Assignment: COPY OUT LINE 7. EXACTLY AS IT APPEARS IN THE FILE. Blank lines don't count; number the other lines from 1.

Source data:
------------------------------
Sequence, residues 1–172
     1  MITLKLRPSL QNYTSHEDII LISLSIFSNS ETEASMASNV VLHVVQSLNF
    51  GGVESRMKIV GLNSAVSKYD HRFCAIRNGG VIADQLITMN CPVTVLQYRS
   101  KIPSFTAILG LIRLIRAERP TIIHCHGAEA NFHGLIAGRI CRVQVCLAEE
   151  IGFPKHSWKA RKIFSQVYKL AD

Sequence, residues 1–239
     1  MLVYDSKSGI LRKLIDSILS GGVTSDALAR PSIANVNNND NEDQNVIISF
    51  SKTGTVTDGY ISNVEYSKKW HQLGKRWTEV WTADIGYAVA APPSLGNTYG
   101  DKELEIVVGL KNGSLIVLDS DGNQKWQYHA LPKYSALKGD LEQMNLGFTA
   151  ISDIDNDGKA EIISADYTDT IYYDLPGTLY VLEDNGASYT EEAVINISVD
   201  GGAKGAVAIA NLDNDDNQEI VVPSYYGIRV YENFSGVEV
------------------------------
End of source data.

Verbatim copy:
     1  MLVYDSKSGI LRKLIDSILS GGVTSDALAR PSIANVNNND NEDQNVIISF